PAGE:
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I understand that the private key is generated with a random number

Specifically, any 256-bit number from 0x1 to 0xFFFF FFFF FFFF FFFF FFFF FFFF FFFF FFFE BAAE DCE6 AF48 A03B BFD2 5E8C D036 4140 is a valid private key

I would like to know if this number is stored somewhere. If it is stored, we will be able to regenerate the private key, and the pubic key. Is that right ?

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    The "number" (256bits) is the private key. If its not stored somewhere, your private key is lost. – Jonas Schnelli Jul 8 '16 at 9:48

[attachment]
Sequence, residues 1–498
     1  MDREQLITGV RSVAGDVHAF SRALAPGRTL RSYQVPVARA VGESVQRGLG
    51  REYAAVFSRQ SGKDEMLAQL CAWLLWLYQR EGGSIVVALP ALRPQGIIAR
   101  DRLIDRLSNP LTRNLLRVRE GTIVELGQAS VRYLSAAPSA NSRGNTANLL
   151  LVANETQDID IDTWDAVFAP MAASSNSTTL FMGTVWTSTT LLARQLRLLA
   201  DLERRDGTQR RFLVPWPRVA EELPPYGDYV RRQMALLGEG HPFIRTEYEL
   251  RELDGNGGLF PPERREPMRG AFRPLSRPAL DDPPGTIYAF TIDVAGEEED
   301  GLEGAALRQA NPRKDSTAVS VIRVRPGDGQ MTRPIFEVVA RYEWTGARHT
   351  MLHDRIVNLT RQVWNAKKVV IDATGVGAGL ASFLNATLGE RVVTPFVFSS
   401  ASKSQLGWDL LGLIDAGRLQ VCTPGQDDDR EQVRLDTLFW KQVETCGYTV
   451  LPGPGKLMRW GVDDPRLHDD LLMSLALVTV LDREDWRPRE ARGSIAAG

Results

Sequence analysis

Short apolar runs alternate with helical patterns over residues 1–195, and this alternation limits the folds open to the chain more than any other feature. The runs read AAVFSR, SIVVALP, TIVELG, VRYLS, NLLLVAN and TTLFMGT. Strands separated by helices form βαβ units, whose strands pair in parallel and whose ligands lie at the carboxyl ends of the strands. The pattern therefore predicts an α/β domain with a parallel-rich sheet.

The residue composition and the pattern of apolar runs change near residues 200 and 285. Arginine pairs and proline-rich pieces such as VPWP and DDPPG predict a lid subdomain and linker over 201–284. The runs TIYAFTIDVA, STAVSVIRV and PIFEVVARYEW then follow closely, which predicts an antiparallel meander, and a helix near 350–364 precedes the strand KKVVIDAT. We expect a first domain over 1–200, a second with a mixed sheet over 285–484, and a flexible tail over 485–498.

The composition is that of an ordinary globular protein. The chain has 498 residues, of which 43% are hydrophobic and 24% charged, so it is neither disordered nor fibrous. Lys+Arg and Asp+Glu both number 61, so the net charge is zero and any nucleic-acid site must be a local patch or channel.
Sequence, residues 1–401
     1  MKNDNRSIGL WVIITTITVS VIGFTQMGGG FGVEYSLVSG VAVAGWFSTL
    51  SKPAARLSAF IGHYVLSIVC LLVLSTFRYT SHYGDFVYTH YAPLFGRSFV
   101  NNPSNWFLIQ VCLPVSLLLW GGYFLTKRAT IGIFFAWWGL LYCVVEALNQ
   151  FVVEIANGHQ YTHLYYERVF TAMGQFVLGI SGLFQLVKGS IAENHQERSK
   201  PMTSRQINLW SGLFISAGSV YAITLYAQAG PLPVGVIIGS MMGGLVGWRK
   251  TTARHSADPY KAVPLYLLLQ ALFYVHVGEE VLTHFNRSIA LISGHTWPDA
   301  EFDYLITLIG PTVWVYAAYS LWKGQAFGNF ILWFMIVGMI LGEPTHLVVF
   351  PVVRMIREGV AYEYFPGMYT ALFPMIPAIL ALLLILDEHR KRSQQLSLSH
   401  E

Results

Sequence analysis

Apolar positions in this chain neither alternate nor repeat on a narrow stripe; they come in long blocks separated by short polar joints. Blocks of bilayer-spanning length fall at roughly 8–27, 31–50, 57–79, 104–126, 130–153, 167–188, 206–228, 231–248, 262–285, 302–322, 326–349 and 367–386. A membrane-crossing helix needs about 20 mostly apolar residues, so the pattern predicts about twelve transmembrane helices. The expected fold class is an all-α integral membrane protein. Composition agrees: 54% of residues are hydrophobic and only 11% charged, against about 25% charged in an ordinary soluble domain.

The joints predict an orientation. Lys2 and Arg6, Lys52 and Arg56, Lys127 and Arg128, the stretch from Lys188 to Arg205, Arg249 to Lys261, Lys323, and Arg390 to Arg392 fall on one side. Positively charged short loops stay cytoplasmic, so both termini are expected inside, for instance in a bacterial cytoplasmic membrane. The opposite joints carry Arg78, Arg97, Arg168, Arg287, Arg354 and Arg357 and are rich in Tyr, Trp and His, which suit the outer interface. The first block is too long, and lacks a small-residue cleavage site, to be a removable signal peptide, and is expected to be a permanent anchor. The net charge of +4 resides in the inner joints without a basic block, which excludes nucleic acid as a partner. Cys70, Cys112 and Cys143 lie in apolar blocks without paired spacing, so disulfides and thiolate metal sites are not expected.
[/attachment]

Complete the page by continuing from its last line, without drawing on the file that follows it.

• @JonasSchnelli: I think that's more of an answer than a comment. :) – Murch Jul 8 '16 at 10:00
  • I thought that its hashed version is stored. And the number itself as well? – XR SC Jul 8 '16 at 10:15
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The private key IS a number, and is remembered as such. It may be generated thought various means (like HD wallets, deterministic generation, from a BIP39 seed, or randomly). It is usually stored as 32-byte array.

The private key is then converted to a public key. This requires a complex mathematical operation, and results in a coordinate pair on an elliptic curve. This is usually stored as a 33-byte or 65-byte array.

That public key is then hashed, a checksum is appended to it, and converted to base58. The result is what is called an address, and is what you give out to others to get paid by them.

The private key never leaves your computer/wallet/app. The address is public.

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